Today is the appointment with the most spectacular Superluna of 2022: the concomitance between the Full Moon and the minimum distance from the Earth will in fact make this astronomical event extremely suggestive. The perigee, the point of the lunar orbit closest to our planet, will be reached on the morning of Wednesday 13 July, at 11.09 Italian time, while the phase of the Full Moon will begin at 20.37, about nine hours later.
To be able to admire and photograph our satellite, however, it will be necessary to wait until 21.20, the moment when it will rise above the horizon. This will be the third Superluna of the year, but the first in size. Many events will allow fans to follow the Superluna even from home. The delegations of the Italian Amateur Astronomers Union (Uai) will offer the public dedicated events in their astronomical observatories distributed throughout the peninsula and in other privileged locations for astronomical observation.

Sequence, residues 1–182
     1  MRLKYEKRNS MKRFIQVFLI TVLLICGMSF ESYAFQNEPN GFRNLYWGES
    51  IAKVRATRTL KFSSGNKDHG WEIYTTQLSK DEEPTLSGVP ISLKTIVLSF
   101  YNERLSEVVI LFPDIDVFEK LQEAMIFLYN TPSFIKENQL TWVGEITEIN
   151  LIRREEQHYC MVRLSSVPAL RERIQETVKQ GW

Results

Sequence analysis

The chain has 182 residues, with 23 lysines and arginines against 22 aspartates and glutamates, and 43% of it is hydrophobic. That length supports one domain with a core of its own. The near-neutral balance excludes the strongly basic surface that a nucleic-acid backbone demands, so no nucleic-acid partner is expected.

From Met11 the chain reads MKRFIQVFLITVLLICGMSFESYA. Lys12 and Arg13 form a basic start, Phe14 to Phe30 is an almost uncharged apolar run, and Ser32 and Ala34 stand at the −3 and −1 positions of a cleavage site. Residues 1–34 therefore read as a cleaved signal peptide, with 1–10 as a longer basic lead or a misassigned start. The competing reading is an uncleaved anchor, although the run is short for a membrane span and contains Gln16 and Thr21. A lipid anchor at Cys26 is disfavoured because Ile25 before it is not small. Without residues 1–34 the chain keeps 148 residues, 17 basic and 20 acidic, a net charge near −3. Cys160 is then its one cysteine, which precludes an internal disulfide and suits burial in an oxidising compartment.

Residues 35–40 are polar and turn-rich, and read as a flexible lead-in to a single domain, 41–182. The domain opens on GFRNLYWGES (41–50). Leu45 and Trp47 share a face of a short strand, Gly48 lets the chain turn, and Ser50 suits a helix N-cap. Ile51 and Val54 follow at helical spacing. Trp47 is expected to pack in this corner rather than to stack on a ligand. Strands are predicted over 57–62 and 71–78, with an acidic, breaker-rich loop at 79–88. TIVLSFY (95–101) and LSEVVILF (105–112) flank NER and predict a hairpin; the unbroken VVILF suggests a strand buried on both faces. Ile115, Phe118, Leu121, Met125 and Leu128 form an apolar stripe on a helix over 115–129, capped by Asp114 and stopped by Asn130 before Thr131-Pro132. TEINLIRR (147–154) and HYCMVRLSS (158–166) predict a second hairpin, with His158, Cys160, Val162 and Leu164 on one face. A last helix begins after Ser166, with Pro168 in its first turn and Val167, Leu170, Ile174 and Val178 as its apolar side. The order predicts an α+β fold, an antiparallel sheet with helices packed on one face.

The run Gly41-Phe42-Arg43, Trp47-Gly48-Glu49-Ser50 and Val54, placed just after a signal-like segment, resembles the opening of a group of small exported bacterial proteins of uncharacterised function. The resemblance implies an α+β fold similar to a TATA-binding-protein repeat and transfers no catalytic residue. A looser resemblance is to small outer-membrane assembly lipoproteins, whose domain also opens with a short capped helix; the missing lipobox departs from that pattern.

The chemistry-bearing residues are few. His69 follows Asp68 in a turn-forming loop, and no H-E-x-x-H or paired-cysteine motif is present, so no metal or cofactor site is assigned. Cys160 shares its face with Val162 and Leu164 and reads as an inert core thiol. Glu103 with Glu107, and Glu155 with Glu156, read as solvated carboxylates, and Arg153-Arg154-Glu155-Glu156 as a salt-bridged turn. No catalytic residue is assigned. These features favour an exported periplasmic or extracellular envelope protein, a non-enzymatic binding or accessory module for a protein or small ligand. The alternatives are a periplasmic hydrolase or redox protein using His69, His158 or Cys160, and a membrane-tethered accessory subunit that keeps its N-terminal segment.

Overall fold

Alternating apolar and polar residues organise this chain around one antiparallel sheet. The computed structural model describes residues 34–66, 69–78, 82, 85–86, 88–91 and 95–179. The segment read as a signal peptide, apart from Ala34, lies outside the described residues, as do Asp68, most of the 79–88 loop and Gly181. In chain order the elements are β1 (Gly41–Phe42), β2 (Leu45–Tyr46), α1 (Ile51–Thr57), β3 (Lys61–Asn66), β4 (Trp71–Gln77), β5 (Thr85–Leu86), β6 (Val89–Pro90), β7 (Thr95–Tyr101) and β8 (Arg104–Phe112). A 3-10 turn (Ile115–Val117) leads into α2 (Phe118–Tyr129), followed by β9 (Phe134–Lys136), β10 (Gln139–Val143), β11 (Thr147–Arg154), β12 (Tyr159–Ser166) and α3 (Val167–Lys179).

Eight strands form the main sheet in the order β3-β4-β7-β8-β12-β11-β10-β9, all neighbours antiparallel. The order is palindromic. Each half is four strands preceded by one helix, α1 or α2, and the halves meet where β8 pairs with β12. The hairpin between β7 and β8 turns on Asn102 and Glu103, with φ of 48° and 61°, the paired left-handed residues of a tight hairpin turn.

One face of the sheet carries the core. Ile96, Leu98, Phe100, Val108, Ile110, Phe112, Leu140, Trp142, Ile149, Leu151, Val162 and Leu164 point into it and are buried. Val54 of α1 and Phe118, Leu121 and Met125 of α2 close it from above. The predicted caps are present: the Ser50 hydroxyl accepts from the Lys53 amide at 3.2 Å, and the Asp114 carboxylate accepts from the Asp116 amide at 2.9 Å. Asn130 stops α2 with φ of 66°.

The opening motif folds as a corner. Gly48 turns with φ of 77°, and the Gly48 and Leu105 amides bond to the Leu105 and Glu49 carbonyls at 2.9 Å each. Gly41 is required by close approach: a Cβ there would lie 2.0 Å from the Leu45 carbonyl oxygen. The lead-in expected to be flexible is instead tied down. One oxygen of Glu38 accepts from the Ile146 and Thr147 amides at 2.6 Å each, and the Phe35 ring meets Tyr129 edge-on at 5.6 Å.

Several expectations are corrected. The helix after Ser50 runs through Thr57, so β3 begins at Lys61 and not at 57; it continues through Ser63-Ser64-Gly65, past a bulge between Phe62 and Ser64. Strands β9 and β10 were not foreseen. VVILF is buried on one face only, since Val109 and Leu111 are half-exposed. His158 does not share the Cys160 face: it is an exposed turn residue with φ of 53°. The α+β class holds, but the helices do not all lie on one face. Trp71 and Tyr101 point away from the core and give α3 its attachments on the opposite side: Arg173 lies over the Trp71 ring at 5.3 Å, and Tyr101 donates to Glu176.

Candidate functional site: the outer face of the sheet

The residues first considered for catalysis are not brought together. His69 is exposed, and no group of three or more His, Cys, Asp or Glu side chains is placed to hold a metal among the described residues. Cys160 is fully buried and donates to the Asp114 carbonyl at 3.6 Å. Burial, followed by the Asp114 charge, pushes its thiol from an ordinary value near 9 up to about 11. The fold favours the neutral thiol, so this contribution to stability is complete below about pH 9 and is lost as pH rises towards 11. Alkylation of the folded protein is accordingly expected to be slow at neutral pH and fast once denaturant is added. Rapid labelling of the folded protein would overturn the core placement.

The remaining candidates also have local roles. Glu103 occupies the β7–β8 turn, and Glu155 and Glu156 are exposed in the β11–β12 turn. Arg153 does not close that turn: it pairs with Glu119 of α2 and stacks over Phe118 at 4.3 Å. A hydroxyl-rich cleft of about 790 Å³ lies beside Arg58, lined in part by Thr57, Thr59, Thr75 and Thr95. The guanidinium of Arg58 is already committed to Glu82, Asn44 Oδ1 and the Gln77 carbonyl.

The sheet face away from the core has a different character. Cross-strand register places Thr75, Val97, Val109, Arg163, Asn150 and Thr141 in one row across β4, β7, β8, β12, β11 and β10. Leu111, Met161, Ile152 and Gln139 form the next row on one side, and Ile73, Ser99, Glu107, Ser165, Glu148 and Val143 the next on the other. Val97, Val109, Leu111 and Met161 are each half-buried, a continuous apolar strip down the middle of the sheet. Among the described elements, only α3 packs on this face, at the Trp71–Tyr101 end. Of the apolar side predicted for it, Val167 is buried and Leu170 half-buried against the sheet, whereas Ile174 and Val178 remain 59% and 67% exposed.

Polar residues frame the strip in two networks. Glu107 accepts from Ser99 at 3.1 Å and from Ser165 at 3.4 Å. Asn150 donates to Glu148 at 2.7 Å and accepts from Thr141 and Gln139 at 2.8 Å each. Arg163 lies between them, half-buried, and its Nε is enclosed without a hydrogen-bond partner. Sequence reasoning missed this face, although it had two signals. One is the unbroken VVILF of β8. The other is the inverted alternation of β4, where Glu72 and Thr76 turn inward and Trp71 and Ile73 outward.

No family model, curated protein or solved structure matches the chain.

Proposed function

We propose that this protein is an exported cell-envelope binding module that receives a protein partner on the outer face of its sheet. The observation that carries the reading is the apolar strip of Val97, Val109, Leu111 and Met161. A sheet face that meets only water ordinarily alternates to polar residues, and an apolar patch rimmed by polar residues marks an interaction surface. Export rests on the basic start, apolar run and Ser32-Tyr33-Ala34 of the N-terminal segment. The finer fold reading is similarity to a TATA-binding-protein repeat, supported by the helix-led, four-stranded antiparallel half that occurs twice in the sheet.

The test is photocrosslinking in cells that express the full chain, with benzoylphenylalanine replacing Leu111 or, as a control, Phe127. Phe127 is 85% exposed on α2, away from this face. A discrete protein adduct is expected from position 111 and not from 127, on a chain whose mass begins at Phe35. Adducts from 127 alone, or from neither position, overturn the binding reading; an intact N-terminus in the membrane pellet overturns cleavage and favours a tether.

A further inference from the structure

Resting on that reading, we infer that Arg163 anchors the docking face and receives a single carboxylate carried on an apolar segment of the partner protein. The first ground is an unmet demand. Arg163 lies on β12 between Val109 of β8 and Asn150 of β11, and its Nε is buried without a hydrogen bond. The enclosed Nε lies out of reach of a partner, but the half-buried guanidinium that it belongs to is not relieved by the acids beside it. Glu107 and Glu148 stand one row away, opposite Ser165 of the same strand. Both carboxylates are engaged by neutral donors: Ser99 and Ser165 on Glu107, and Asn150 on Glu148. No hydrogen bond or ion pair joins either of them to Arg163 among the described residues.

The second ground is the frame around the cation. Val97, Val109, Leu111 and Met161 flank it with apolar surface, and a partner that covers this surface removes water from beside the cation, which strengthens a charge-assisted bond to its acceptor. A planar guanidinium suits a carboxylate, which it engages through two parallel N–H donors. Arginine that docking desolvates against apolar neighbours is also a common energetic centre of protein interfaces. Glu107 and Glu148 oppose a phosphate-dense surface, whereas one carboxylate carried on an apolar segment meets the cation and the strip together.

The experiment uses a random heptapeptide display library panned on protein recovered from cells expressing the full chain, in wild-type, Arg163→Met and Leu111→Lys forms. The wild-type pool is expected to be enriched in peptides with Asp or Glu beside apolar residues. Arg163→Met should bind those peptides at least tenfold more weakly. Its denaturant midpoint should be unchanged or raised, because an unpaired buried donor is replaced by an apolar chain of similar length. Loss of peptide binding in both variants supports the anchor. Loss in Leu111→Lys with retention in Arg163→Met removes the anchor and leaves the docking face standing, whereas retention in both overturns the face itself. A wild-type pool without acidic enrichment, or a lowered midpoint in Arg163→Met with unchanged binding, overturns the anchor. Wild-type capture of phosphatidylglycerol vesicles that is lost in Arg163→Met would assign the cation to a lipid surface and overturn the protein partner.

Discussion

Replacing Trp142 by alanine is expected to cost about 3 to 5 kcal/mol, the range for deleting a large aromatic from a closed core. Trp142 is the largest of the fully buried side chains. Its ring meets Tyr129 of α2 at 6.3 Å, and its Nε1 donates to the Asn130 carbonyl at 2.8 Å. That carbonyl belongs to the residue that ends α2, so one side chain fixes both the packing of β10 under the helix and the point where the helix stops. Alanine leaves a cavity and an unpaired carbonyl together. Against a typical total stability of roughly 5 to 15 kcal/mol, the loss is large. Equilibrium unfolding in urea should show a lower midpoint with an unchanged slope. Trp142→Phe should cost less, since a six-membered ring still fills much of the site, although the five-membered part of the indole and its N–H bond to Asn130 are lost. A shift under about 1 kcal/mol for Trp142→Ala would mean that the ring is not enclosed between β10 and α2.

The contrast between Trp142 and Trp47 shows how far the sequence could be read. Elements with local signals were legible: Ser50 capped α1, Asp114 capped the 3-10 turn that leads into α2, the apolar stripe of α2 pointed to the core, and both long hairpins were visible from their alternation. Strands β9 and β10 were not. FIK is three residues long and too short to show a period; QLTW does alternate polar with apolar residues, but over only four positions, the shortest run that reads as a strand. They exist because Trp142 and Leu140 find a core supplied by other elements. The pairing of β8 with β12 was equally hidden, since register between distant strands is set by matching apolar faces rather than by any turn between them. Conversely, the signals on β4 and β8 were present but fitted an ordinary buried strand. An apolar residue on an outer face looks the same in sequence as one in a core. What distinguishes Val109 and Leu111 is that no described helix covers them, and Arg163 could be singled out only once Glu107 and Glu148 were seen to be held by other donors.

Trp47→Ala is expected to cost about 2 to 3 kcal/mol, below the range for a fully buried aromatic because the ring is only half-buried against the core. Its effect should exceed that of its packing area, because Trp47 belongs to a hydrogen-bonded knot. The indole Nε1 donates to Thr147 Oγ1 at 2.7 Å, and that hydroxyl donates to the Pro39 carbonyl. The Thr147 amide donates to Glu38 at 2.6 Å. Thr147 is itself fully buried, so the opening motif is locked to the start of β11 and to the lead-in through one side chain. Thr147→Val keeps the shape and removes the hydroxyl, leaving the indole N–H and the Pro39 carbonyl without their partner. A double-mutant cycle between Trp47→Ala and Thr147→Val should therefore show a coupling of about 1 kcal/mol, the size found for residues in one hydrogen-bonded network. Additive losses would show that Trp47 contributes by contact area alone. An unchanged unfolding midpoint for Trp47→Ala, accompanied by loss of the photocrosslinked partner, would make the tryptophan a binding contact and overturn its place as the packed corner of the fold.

Direct web will also be offered by the Virtual Telescope Project, on their website starting at 21.00 Italian, and by the National Institute of Astrophysics (Inaf), which will be broadcast starting at 21.30 on the YouTube and Facebook channels of EduINAF. While the Moon is confirmed as the undisputed protagonist of the July sky, other celestial objects also accompany the show: the so-called ‘summer triangle’, for example, formed by the three particularly bright stars Vega, Altair and Deneb, respectively of the constellations of Lira, of the Eagle and Swan. Another very bright star, which rivals Vega in brightness, is Arturo, in the constellation of Bootes.
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